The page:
In the risk-filled world of real estate investing, having a smart strategy can help you reap the rewards.
Investing in real estate is risky business. But the rewards—an extra stream of income, the chance to build wealth and that gold ring called financial independence—can be well worth the reach.
Risk arises from uncertainty. And, in the world of real estate investing, there is no “set it and forget it.” Risk management for real estate investments requires ongoing diligence and a strategy that needs to be constantly monitored and adjusted accordingly.
As Drew Reynolds of Realized reflects, “Real estate investment is risky. The dollars at stake are often significant. The losses can really hurt. However, through proper risk management, a diligent investor can “stack the deck” in their favor.”
Therefore, risk management can be defined as the process of reducing the probability and limiting the severity of potential negative outcomes involved with real estate investments. In other words, having a solid real estate strategy in place.
The first step in mitigating risks is being able to identify what they are. Here are three of the most common risks that threaten to derail every real estate investor—along with straightforward tips for overcoming them:
Three of the Most Common Risks that Threaten Real Estate Investors
#1: The risk of not getting what you think you paid for.
Buying the right property in the right location is perhaps the most important part of being a successful real estate investor. And, it’s important to not overspend on a property. For example, make sure you don’t buy a rental property that is more damaged than it looks, or you risk dealing with costly repairs and maintenance.
TIP: Bring along an inspector to any property you are considering—a professional that can discover any hidden damage.
#2: The risk of bad tenants—as well as no tenants.
The risk of getting stuck with a bad tenant can actually be worse than not having any tenants at all. With the former, you run the risk of rent not being paid on time while utility and/or mortgage costs accumulate. If an eviction is necessary, it can be a very costly and time-consuming process.
Choose a location with high occupancy rates and a property that is in high demand. Once you’ve purchased a good property and prepared it for renting, the next step is finding responsible tenants. To keep up with your payments, you’ll need the rent amount to at least cover the home’s mortgage, taxes and any repairs or maintenance before you can turn a profit. And, to stay competitive, you’ll need to stay within the average rent rate for your area.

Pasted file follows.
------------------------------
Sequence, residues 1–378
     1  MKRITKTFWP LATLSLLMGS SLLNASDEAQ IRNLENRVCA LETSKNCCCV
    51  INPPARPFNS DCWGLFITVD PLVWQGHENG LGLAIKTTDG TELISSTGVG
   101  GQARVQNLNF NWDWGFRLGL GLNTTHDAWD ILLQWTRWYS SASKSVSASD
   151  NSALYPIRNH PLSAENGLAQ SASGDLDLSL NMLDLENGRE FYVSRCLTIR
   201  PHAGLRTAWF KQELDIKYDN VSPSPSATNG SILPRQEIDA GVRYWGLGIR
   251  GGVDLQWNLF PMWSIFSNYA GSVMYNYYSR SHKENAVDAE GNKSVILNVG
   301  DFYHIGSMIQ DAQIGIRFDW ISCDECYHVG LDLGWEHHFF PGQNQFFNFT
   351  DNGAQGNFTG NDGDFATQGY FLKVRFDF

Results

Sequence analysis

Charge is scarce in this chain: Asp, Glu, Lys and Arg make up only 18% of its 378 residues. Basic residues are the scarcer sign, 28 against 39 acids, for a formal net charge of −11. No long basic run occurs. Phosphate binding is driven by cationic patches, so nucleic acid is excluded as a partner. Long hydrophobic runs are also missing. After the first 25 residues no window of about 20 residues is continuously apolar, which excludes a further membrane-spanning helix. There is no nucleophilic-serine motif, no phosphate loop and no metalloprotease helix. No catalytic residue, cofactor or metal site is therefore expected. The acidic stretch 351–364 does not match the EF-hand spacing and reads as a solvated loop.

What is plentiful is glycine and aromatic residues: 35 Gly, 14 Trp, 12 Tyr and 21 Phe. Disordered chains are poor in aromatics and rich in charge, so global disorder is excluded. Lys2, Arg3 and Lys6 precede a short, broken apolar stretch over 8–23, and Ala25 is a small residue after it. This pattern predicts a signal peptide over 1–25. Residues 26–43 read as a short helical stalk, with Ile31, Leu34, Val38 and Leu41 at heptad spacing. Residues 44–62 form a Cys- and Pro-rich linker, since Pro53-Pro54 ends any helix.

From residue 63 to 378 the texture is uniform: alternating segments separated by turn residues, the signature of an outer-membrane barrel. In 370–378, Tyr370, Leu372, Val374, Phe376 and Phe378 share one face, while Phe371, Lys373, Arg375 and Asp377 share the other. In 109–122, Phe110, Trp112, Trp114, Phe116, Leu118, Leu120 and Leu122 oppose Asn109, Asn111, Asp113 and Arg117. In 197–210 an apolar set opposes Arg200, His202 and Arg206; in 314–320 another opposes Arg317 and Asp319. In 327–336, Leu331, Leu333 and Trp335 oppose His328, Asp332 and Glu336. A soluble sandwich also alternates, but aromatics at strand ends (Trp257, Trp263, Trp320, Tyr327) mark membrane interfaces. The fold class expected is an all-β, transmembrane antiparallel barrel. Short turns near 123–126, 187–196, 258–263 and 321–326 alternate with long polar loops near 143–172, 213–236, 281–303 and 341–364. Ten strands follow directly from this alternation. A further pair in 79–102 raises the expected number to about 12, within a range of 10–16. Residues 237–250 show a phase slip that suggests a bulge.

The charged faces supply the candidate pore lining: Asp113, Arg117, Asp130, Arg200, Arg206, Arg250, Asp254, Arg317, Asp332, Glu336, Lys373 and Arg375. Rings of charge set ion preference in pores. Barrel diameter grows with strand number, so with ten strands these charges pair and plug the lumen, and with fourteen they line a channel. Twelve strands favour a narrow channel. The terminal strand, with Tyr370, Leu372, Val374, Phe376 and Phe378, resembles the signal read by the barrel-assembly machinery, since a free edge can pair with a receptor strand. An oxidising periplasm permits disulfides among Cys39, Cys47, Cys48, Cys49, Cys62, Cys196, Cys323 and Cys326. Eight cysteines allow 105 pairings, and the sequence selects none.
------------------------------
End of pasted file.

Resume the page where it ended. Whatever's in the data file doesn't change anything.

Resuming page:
TIP: Do your homework and carefully screen tenants. Do everything possible to choose good tenants. It is also important to obtain insurance and legal protection in case a tenant attempts to sue you.
#3: The risk of the housing market.
Even though the market currently looks rosy, there’s no crystal ball that ensures this trend will continue. If the economy of the neighborhood or city goes downhill, you may lose money in the depreciation of the rental.
TIP: One way to avoid this risk is to diversify your portfolio into multiple locations. Stay on top of trends and keep an eye on comparable properties in areas around the US.
As Rebecca Lake of SmartAsset puts it, “Owning a rental property is a bit like walking a tightrope and there’s no way to predict how things will pan out.” She continues, “If you misjudge the market or choose the wrong tenants, that can have serious implications for your bottom line. Knowing what the risks are can make it easier to anticipate problems.”
To Mitigate Risk with Real Estate Investments
The bottom line when it comes to real estate risk is to do your homework. And work with the experts, such as HomeUnion®.
From start-to-finish, we’re there to help you every step of the way, from finding the best property to overseeing the day-to-day property management tasks. We’ll ensure your lease is detailed and covers all the important bases—so that your real estate investments are not only hands-free but worry-free as well.
To learn more, schedule a consultation with HomeUnion®.